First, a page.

Canards about the University: “There are too many PhD programs.”
by Ed Kazarian
Consider this the first in a series devoted to pieces of conventional wisdom which one hears repeated in discussions of higher education, which strike me as deserving of more skepticism than they usually receive.
If there’s one thing that the current state of the job market proves, it’s that there are too many PhD programs in the humanities.
I think this is wrong.
I’ve got no statistical basis for this except my own observations, so it may turn out that I’m all wet here. But if so, I’d be very interested in having that demonstrated (especially since I’m rather unsure that there is enough data to do so in the current environment, and I’d love to see that data collected and analyzed).
In any event, based on the evidence available to me, I tend to think that the reason that there are more and more PhD programs cropping up all the time in humanities fields isn’t just institutional vanity, but because there is a need for all these PhDs—and not just because universities are doing quite nicely in many cases by exploiting the heck out of graduate student labor.
But nobody can get a job! Surely if a program can’t give its graduates a reasonable expectation of getting hired, it must be superfluous and its existence irresponsible, n’est-ce pas?
This predictable objection ignores—as do many, many of the surveys of faculty employment conditions that I’ve seen recently—the fact that not only do most of these ‘unemployed’ PhDs have jobs, most of them have several jobs, and are in fact teaching the equivalent of a full time load or more. They’re just doing it for crap money at several universities, to the detriment of themselves, their families, and their students.
In other words, somehow—and I don’t understand how this happens except as a case of what Lacan called ‘foreclosure’—we keep treating overworked adjuncts as if they’re actually unemployed.
Conversely, I suspect that if you actually gave all these multiple-instutiton adjuncts jobs at ordinary full time loads (ranging from 3-3 to 4-4), there would be something much closer to a shortage of available faculty in many departments than the glut we’re currently seeing.
I came to France because I received a scholarship to work on a PhD, and I never finished and dropped out. But it is thanks to all this philosophical work that I was much later able to succeed at the Agrégation in English and become an English teacher in a French high school. As well I give classes in the Law Faculty in Nice at the Master’s level in the Political Sciences Department. This of course is over and above my normal teaching load, and is counted as overtime. So I am a failed PhD who succeeded in totally transforming his life (I was born and educated in Sydney, Australia) by studying for a PhD.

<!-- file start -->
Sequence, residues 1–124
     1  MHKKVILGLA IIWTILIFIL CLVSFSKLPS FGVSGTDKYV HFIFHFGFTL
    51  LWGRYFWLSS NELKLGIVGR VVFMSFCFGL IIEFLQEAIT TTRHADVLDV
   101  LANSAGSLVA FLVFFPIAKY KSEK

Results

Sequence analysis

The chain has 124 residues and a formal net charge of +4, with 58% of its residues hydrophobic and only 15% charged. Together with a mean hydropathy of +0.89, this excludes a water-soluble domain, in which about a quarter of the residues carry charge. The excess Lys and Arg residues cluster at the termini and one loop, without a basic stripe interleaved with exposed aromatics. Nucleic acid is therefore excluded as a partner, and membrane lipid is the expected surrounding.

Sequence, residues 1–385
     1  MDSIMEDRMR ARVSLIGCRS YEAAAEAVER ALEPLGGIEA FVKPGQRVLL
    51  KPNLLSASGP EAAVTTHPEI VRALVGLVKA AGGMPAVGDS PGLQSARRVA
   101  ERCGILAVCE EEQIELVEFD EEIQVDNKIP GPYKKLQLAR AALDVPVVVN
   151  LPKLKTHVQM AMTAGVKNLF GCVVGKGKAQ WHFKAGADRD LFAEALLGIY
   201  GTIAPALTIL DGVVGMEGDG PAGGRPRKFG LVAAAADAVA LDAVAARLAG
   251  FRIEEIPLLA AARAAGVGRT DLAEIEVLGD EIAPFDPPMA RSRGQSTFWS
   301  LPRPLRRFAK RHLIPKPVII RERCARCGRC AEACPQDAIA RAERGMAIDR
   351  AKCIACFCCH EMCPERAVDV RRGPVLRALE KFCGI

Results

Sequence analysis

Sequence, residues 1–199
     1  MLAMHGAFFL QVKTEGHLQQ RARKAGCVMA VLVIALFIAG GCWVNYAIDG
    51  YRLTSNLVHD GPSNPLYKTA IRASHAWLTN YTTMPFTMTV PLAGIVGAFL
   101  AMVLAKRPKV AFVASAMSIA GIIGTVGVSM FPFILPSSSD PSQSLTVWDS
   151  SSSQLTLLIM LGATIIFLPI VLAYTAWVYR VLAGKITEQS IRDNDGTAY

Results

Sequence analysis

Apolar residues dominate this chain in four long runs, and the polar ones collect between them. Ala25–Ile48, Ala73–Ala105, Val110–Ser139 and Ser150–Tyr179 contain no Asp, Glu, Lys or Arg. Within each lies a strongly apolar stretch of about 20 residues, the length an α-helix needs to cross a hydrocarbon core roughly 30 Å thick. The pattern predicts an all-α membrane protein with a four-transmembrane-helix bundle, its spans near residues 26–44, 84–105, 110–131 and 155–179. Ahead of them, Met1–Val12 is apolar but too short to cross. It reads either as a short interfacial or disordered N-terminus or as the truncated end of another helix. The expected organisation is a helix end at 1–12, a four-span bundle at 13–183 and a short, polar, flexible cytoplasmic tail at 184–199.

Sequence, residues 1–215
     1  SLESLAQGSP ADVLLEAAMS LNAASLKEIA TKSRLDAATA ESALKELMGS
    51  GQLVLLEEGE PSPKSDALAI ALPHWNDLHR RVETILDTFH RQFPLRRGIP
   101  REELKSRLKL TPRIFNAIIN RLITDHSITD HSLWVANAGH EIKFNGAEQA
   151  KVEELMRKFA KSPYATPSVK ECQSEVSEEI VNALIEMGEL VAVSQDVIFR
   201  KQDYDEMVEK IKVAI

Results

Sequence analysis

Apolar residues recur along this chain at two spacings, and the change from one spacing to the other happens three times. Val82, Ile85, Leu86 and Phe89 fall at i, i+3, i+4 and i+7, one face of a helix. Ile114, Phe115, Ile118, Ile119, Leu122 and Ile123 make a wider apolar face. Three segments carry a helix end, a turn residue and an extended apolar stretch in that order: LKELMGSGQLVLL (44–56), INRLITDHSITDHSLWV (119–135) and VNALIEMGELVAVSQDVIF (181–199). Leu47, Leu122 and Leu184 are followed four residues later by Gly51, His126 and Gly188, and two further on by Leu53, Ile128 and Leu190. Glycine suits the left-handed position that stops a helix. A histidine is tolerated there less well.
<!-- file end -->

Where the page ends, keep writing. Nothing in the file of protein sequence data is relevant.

It’s the Walmart model of employment. That’s saying something, and it’s not good!
[…] In other words, somehow—and I don’t understand how this happens except as a case of what Lacan called ‘foreclosure’—we keep treating overworked adjuncts as if they’re actually unemployed. […]
But you ignore the fact that many PhDs leave academia altogether. Without the stats, I’m not convinced that Lacanian foreclosure applies. From my perspective, the crunch seems to be that fewer people are going to be able to afford college, and so consequently, those “ordinary” loads are never coming back. They were artifacts of a system that no longer exists, in which higher education was considered more of an intrinsic public good and thus more heavily subsidized by the government, by elites, and by students themselves (by overpaying for lecture classes). I agree with some of the trends described here: http://www.washingtonmonthly.com/college_guide/feature/college_for_99_a_month.php?page=all
After finishing my Canadian PhD, I got my first academic position teaching around seven to eight courses per semester in English communication, writing, reading and so on (what would equate ESL and composition) at a Japanese university, and that was only for a pay of around 400,000Yen(around USD 4000 after conversion). So you can count the math. I am basically expected to teach a lot as a foreigner professor compared to the tenured ones who are native Japanese, but well, I left after a few years of work when I obtained permanent residency at another country down under only to leave it when the economy seemed to be in serious doldrums and savings were running low. If you look at the situation across the board in various countries, austerity and budget cuts seem to be the norm more than anything and PhDs ought to be aware that alternative career switches should be the norm more than a rare occasion. The average PhD program in most universities is however ill-equipped to teach people how to handle job searching and making your skills marketable to the realms outside of academia.